Hundreds of people have been sickened in a salmonella outbreak linked to eggs in four states and possibly more, health officials said Wednesday as an egg distribution company dramatically expanded a recall to more than 380 million eggs.
The Centers for Disease Control and Prevention is working with state health departments to investigate the illnesses. No deaths have been reported, said Dr. Christopher Braden, a CDC epidemiologist involved in the investigation.
Initially, 228 million eggs, or the equivalent of 19 million dozen-egg cartons, were recalled by the company Wright County Egg of Galt, Iowa. But that number was increased to nearly 32 million dozen-egg cartons.
Minnesotaofficials have linked seven salmonella illnesses to the eggs.
Other states have seen a jump in reports of the type of salmonella. For example, California has reported 266 illnesses since June and believes many are related to the eggs. Colorado saw 28 cases in June and July, about four times the usual number. Spikes or clusters of suspicious cases have also been reported in Arizona, Illinois, Nevada, North Carolina, Texas and Wisconsin.
[Source for data: Associated Press, reported on msnbc.com, 8/18/10]
Salmonella is the most common bacterial form of food poisoning. And the strain involved in the outbreak is the most common strain of salmonella, accounting for roughly 20 percent of all salmonella food poisonings.
Overview of Salmonella
Salmonella is the name given to a group of closely related Gram-negative bacteria: they are most commonly discussed (clinically) as a cause of food poisoning, although Salmonella is also responsible for causing typhoid fever.
Salmonella infections cause diseases in humans (for example, salmonellosis, gastroenteritis, and typhoid fever), birds, and a few other animal species. They are one of the major causes of gastroenteritis (food poisoning) in the world. Salmonella were first isolated from infected pigs in 1885 by T. Smith and were named after his lab director, D. E. Salmon.
What Are the Symptoms of Salmonella
These are the common symptoms of Salmonella:
- Abdominal cramps or pain
- Fever, as high as 104 (especially with typhoid fever)
- Bloody stools (with severe gastroenteritis or with typhoid)
Salmonella gastroenteritis is usually self-limited, and fully heals in three to eight days, except for the severest of cases. [Source: Merck Manual of Diagnosis and Therapy 18th Edition, Merck Publishing, 2006]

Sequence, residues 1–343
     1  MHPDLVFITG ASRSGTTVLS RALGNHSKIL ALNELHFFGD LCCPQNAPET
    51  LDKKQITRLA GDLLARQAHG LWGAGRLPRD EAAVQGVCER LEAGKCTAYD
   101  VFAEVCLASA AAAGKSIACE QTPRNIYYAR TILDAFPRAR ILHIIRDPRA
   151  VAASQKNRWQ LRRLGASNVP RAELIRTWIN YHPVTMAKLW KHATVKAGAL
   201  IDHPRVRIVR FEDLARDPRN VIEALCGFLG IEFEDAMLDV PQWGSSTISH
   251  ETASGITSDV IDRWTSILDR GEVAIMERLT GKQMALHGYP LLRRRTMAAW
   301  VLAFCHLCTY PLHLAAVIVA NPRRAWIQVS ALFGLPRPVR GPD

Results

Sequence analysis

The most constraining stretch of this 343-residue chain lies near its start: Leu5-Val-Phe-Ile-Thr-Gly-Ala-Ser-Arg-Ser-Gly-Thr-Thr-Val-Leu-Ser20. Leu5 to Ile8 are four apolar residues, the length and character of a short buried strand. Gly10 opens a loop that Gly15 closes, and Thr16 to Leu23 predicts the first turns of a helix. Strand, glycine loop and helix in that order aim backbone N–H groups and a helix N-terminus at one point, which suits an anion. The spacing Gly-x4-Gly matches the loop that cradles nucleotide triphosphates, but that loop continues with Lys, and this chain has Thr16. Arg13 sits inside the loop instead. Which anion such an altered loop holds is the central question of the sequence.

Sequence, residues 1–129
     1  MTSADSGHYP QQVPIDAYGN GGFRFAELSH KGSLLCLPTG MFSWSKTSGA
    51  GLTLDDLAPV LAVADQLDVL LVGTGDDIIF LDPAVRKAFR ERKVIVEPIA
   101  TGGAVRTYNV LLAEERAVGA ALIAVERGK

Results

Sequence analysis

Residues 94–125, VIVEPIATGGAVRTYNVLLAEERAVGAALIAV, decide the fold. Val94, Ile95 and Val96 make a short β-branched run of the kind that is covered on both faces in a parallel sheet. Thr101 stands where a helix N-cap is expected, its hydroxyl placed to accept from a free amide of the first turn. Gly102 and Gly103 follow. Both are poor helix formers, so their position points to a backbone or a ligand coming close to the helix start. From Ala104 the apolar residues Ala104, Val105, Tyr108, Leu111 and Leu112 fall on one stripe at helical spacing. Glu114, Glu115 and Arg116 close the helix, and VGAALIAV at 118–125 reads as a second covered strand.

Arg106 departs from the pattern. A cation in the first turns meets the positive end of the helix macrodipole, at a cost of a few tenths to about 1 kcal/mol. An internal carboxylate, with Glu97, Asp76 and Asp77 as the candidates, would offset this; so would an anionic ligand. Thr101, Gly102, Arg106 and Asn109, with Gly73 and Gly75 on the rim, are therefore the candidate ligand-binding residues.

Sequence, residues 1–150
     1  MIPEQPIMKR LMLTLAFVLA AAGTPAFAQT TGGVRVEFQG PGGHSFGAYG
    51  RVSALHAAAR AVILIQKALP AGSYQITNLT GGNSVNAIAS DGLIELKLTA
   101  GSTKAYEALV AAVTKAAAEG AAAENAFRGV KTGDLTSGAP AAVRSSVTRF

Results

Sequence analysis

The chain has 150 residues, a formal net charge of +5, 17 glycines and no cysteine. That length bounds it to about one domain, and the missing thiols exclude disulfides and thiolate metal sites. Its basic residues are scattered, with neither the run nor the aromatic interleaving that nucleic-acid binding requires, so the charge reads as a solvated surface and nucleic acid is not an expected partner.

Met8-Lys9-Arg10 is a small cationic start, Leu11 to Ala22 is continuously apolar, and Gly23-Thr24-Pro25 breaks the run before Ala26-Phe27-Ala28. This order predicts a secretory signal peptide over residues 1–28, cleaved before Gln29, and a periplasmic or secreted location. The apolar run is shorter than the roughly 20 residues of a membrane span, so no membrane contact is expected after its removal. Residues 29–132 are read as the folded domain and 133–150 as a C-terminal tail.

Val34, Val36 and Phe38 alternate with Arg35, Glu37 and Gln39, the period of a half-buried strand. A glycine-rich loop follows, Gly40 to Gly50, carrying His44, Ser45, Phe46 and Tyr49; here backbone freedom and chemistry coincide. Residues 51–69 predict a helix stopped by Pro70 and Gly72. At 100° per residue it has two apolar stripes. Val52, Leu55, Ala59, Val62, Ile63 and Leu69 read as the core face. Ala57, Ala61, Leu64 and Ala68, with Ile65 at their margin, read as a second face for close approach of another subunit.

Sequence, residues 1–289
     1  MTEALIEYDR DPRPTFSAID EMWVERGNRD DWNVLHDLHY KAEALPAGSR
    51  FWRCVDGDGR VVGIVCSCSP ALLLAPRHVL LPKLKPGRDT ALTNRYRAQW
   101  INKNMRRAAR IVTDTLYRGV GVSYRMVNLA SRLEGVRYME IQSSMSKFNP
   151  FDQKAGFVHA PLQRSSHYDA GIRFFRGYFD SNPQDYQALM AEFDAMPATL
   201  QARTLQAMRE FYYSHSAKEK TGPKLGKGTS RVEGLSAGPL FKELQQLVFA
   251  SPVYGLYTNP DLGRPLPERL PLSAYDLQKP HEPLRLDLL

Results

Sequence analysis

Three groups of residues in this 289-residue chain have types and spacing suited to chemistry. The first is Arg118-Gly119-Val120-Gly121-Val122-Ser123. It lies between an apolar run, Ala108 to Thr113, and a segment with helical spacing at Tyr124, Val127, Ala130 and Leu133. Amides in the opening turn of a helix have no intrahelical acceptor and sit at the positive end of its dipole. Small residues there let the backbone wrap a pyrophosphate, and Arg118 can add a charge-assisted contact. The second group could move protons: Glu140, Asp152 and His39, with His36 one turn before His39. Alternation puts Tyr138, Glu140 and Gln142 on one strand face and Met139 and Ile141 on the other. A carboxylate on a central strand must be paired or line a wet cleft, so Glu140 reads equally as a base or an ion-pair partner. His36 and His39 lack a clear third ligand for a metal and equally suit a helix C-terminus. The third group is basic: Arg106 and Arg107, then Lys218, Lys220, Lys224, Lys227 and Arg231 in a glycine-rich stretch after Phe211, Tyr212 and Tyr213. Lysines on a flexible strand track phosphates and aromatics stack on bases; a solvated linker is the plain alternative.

When to Seek a Doctor’s Care for Salmonella
Although 80-90% of cases of salmonella heal without any medical intervention, here are some ‘danger signs’ that should prompt a medical visit:
- Any bloody diarrhea or stool
- Fever lasting longer than three days, or higher than 102.5
- Severe weakness, dizziness, or fainting (signs of dehydration)
- Immunocompromised patients (e.g. AIDS, cancer, seniors, or babies)
- Excruciating abdominal pain
How to Test for or Diagnose Salmonella
An astute clinician will have a high index of suspicion for salmonella based on a thorough history and physical examination, especially if there is a known epidemic occurring in that region.
Salmonella infection can be detected by testing a sample of your stool. This is called a ‘Stool Culture’ test for salmonella. If your doctor suspects that you may have a salmonella infection in your bloodstream (called sepsis), he or she may suggest testing a sample of your blood for the bacteria.
How Should Salmonella be Treated
Treatment for Salmonella gastroenteritis or food poisoning is debated among physicians. Some doctors recommend no antibiotics (just adequate hydration) since the disease is self-resolving, while other clinicians suggest using antibiotics such as Cipro for 10-14 days. Patients identified as being immunosuppressed (see above) should certainly receive antibiotics. In any case—adequate hydration (either orally or by IV fluids) should be a mainstay of treatment.
How Can I Prevent Getting Salmonella
Cleanliness is the most important advice for prevention of salmonella. This means frequent handwashing with antibacterial soap and hot water, especially just before and after eating, or after visiting the bathroom.
Other prevention methods:
- Minimize handling of raw eggs, poultry, and raw meats
- Avoid eating meats that are improperly cooked
- Minimize direct contact with animals that are common carriers of salmonella (pigs, snakes, and turtles, for example)
- Dine at reputable establishments that are clean (take a peek into the restroom or the kitchen)